By Erin Sherbert
By Erin Sherbert
By Leif Haven
By Erin Sherbert
By Chris Roberts
By Kate Conger
By Brian Rinker
By Rachel Swan
Clothes for Cash
Tangled web of donation: To quote Sir Walter Scott, "Oh, what a tangled web we weave/When first we practice to deceive!" After reading this article, I will never use Campus California's boxes again ["Your Rags to Their Riches," Matt Smith, Feature, 6/8]. For some reason, I thought they were connected to Goodwill Industries, which I support by donation and by purchasing recycled household items and good secondhand clothing. When I make a donation, it is my preference that it go to someone in my community, or at least my country.
Glut of cheap clothing contributes to the problem: As a newcomer to the U.S. and to S.F. in particular, I find much about my new home puzzling and often archaic. The article about Campus California's clothing bins struck me as odd for a number of reasons, not least because of the apparent connection to some shady Danish crime figure.
First, countries like Australia and the U.K. have had clothing bins — successfully owned and operated by charities such as Goodwill or their foreign equivalent — for as long as I can remember. They work wonderfully as a means to easily dispose of unwanted clothing without having to attend specific donation centers. So I fail to see why Goodwill cannot simply put its own boxes around the city, usurping those installed by Campus California.
However, the real issue is the true cost of our taste for cheap clothing. Five-dollar T-shirts are a bargain for the consumer, but whose tiny fingers sewed them, under what godawful conditions, and for how little pay? The widespread availability of such cheap, disposable clothing has created such a glut of secondhand clothing worldwide that many charities overseas cannot handle the volume of donations. The quality of said clothing is often so poor that instead of being used again, the clothes are turned into rags or end up in landfill.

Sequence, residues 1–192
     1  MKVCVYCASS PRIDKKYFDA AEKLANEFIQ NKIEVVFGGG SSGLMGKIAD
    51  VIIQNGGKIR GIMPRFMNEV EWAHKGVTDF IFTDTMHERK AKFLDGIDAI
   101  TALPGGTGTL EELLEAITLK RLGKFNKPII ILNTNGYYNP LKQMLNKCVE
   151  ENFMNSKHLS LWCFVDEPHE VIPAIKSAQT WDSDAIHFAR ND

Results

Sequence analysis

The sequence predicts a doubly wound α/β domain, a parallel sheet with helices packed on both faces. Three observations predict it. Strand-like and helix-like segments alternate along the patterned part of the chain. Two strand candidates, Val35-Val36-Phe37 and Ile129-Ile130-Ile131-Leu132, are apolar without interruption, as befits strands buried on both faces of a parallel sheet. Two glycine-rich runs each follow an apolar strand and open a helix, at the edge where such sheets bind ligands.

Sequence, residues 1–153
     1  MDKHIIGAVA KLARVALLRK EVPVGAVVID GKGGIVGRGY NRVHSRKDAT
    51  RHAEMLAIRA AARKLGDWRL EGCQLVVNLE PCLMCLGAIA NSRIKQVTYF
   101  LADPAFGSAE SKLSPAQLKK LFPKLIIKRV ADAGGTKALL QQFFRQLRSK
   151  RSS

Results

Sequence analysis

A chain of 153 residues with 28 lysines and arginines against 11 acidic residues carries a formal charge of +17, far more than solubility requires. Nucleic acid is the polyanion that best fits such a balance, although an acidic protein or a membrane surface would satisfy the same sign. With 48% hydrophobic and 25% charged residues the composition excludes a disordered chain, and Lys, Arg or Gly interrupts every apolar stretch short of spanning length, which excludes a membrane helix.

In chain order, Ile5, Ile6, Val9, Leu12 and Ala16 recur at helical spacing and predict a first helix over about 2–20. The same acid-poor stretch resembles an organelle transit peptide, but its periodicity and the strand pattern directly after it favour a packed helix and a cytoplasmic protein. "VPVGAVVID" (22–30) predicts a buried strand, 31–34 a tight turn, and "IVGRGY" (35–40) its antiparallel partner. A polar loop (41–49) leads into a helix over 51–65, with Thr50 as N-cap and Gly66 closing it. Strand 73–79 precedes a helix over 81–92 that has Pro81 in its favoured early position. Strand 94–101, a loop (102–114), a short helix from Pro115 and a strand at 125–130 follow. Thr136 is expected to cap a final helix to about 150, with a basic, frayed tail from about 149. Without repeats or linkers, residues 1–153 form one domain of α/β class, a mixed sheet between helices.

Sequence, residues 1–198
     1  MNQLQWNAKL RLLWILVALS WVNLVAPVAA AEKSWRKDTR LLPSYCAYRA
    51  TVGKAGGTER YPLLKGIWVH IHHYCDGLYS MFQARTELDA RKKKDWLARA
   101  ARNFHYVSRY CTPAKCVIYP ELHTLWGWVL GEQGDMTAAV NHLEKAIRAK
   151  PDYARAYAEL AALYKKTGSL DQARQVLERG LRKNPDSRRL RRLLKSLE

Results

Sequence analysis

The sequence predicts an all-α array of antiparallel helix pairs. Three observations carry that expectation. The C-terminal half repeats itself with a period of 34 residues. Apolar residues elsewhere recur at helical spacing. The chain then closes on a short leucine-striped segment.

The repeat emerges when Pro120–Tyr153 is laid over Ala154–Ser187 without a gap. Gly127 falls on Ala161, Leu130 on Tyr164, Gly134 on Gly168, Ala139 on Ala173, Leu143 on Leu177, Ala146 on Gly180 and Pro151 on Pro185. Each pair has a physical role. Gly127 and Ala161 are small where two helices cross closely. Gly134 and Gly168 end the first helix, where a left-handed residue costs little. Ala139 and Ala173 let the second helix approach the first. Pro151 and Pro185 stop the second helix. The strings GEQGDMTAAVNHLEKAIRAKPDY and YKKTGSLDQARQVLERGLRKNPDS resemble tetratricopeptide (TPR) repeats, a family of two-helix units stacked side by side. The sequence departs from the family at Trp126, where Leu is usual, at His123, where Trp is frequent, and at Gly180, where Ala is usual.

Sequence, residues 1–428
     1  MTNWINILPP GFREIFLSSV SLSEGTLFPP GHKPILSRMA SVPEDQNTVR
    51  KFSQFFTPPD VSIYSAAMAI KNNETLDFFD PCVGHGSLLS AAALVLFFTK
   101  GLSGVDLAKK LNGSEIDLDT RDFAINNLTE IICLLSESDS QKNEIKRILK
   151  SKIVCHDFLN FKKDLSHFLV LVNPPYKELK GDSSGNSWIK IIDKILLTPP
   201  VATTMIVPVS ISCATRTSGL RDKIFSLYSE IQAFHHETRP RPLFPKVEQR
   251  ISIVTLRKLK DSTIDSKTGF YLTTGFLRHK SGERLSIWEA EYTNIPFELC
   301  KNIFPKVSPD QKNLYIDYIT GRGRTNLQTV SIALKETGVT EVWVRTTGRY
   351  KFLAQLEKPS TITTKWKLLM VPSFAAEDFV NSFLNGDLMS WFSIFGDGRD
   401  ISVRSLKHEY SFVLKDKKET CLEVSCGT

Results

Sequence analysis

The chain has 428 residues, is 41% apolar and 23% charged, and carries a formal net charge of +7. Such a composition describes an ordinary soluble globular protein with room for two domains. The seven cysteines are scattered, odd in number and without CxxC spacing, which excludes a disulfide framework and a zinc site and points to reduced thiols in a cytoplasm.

Blog Comments of the Week
The ongoing sparring between motorists and bicyclists: The few angry bicyclists who feel they rule the road and disregard drivers and pedestrians spoil it for the courteous riders ["San Francycle: What to Do When Crazy Drivers Want to Kill You," Matt Baume, the Snitch, 6/3]. A bad accident stopped me from bicycling on city streets ever again. But cyclists' entitlement and hypocrisy do not help their cause. They want drivers to obey the traffic laws, but most of them run stop signs and disregard pedestrians in crosswalks. It is very hard to be sympathetic.
I'm all for people sharing the road, but I am so sick of cyclists behaving like they have more of a right to city streets than cars do. It's completely absurd. Everyone needs to follow the same rules of the road, or accidents are going to happen. People cannot always blame drivers if the cyclists are going to have this self-righteous attitude that they are almighty and car drivers are just out to get them. Seriously, people, just be responsible.
Last week's Eat column ["What to Eat on the Fly," Jonathan Kauffman, 6/8] incorrectly stated that Napa Farms Market's wine section is curated by Steve Carlin. In fact, the wine selection is from Vino Volo. SF Weekly regrets the error.